Browns and Greens: Seeking the Balance of Equity in Local Farming

Browns and Greens: Seeking the Balance of Equity in Local Farming

Perhaps you saw the article last week After a Century in Decline, Black Farmers Are Back and on the Rise.” The article received great attention, as it should. It was published originally by Yes! Magazine, and republished by more than a half-dozen other online news sources. The article was forwarded to me by 5 individuals and came through my inbox via 5 different list serves.  To be honest, I momentarily found it refreshing to know that I’m in the loop on current events involving farming and people of color. Rather, I should say, at least my inbox is in the loop.

I ask myself almost constantly; what are we, Groundswell, doing to change a ‘business as usual’ paradigm in farming?

If you read our newsletter regularly, you know that Groundswell’s mission includes the word “diverse”. In the context of our mission, diverse means multiple cultures, nationalities, races, genders, classes, and ages; however, we have a priority to engage diversity in race, culture and class. Diversity is key to establishing a just and sustainable food system that enhances the lives of farmers, food producers, eaters and our planet.

In my four months as director, I have spent much of my time listening to people and reflecting on past actions of the organization with regards to equity and inclusion. I have heard praises, disappointments and all things in between. What is clear is that we have done amazing work training people to be new farmers and to support the continuing education of existing farmers; and we continue to do so. We have provided land access to New Americans through our Incubator Farm Program, who have in turn been able to start successful farm businesses.  Through our farm business class and one-on-one support, we have helped and supported Cha Cha and the development of the non-profit he has created in Ghana called Ndor Eco Village.  We have involved people of diverse races in planning meetings and hiring processes. We have reached out to communities of color in hopes to bring more diversity to our programs. We have paid consultants to educate our staff and board on equity and inclusion and specifically, to help us understand how to diversify our work.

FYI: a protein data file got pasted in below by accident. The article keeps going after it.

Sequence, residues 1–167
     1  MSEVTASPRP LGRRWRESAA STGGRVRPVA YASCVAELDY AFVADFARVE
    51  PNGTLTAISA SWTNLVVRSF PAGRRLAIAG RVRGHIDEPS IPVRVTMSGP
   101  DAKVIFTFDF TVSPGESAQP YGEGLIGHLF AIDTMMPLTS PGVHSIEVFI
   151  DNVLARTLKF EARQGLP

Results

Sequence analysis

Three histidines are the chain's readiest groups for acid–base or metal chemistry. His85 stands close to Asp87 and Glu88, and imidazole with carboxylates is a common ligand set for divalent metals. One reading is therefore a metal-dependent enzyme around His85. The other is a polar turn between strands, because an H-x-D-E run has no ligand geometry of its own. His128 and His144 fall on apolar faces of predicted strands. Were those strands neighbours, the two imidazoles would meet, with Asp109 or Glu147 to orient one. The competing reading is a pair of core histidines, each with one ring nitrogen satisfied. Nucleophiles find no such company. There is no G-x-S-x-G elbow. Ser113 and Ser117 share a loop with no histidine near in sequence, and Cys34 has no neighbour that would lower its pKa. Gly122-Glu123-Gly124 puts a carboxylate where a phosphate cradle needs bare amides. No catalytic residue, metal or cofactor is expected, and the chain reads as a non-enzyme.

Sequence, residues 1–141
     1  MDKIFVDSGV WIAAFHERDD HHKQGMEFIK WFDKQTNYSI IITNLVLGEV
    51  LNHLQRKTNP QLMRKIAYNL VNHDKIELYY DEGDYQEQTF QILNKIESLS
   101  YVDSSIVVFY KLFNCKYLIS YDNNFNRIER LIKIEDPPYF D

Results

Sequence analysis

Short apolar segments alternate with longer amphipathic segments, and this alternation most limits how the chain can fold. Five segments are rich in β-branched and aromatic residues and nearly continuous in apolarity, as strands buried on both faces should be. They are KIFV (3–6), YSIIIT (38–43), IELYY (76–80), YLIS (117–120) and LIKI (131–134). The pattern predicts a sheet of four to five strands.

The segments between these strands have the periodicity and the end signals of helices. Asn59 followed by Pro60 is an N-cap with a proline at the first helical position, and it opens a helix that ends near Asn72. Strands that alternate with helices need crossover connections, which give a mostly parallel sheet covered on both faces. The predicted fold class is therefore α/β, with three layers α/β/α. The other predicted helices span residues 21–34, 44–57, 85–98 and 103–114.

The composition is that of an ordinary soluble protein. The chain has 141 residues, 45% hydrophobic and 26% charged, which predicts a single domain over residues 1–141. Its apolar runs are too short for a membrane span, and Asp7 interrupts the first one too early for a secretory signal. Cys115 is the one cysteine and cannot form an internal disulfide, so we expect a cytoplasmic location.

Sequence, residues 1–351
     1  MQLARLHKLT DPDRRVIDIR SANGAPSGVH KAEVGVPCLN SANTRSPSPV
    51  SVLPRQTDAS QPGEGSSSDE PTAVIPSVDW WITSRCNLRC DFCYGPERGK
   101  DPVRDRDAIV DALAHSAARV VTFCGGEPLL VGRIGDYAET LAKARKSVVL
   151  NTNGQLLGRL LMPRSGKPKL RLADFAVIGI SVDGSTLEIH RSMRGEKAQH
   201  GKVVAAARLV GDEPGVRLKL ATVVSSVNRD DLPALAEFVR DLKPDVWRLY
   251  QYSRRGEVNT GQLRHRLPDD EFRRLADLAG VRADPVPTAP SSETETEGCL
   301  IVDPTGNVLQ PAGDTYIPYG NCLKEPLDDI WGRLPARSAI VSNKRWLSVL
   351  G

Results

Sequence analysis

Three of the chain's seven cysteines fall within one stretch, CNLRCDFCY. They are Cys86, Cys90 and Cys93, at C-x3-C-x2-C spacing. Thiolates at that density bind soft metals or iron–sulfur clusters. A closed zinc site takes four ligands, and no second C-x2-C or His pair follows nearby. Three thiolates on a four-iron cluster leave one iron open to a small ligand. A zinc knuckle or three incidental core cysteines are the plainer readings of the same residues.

Yet, most of our program participants are not people of color.  

We are still a predominantly white organization.  

This story is not new. Just last fall, Groundswell founder and former Director Joanna reflected on our inclusion and diversity efforts when she wrote this blog post in response to a staff member of color resigning. It’s important for us to revisit these lessons repeatedly.

Consequently, many questions arise for me at this point in the job. Are the relationships that exist between Groundswell and communities of color synergistic and built on trust? Are we having an impact on “creating equitable food systems” and how do we know? What systems have we developed to hold us accountable to ensuring that priority is placed on inclusion and equity in our work?  What are we teaching in our curricula that recognizes the racist and brutalist history of agriculture in our country or the land-theft in this State? How are we committing to diversity and inclusion in all our work, and not just as a “project” of our work? Does being a mostly white organization mean we are not successful? What does “success” look like in this work?